First time or independent authors face a real dilemma when bringing their work to the literary marketplace. They want to devote their efforts fully to the research and creative endeavor of writing a great book and they’ll have to devote many months or years to doing so.
An old friend of mine recently launched her first novel on the crowdfunding platform Publishizer which I supported enthusiastically.
But we soon learned that Publishizer, to put it most charitably, is not exactly the opportunity that it purports to be.
It’s a crowdfunding platform, so they provide the tools and eCommerce checkout for a book launch campaign. You bring the readers. It differs from IndieGoGo or Kickstarter in that those very popular websites are frequented monthly by millions of potential customers of your product. There’s value in being found in their thriving marketplaces. With Publishizer you bring all the customers to them; you’re going to be emailing, calling and asking your friends and family to plug their credit card details into their website to support your book launch.
What happened with my friend’s project is very revealing…
She had modest success; in a month she sold her book to over 50 of her friends and family which was priced a little high (I thought) at $20 per unit, generating over four figures in sales. A long way from the New York Times bestseller list BUT really not bad for a mom from suburbia with a mere 400 Facebook friends. And to her excitement, she started receiving offers from publishers via the site. But the publishing offers she received were from independent publishers that really don’t do much for the author. They essentially offer a pay-to-publish service to the author. You pay them to copy edit your book, design a cover, format it for distribution on Amazon and print physical books. They almost certainly won’t get you into bookstores or interviewed on daytime talk shows.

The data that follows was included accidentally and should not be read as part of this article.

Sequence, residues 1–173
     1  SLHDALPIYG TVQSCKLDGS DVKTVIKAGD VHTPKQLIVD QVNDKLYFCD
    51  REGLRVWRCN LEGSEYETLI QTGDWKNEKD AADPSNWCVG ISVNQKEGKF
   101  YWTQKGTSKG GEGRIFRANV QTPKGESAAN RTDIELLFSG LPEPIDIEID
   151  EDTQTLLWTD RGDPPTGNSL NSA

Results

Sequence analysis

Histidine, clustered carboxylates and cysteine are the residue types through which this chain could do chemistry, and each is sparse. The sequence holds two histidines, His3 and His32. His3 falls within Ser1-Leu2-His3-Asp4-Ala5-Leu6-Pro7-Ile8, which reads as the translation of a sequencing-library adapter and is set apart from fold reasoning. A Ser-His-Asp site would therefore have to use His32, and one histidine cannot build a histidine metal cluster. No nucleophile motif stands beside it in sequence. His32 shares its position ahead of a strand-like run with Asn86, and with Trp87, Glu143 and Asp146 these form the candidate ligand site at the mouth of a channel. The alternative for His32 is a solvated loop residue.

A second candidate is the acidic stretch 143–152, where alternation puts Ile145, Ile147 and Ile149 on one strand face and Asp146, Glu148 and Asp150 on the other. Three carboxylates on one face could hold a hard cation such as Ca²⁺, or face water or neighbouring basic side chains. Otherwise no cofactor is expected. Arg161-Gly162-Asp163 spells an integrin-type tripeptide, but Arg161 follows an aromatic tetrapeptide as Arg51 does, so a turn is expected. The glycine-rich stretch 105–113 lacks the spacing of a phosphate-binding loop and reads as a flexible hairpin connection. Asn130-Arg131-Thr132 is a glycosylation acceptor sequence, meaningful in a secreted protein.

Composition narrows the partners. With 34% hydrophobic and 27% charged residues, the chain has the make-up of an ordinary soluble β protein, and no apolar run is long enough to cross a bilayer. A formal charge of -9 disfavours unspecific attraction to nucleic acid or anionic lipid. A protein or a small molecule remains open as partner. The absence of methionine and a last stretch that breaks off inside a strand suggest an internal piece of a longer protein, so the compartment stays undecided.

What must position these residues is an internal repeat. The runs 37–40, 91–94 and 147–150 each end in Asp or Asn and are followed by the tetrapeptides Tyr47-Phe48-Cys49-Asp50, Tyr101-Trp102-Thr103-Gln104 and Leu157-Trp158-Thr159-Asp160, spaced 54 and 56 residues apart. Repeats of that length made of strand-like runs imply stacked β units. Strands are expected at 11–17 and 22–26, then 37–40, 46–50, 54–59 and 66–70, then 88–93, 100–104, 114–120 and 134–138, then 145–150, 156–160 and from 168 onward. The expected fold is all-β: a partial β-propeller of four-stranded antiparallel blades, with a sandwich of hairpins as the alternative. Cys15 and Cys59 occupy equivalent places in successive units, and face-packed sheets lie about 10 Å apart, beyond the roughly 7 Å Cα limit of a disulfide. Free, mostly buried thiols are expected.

The vast majority of publishing deals that Publishizer brokers are with these kinds of independent publishers. These guys are not going to get you into Barnes & Noble. Basically, they’ll just get you onto Amazon and a few other online retailers. Which is honestly, something that you can do yourself.
I’ll make the case that this is a worse deal than self-publishing…
- Independent publishers take 15% — 30% royalties on your book. That might not seem like that much money but if your book ends up being moderately successful it amounts to thousands of dollars (or more) in the long term — wouldn’t you rather have that money? Are they providing services that are worth that?
- What do these publishers bring to the table in terms of marketing? Do they focus on a literary niche and have a loyal base of interested customers? Do they have hundreds of thousands of engaged followers on social media? Do they have a popular podcast or Youtube channel where they can interview you and promote your work? Or do they merely list your book on their eCommerce store?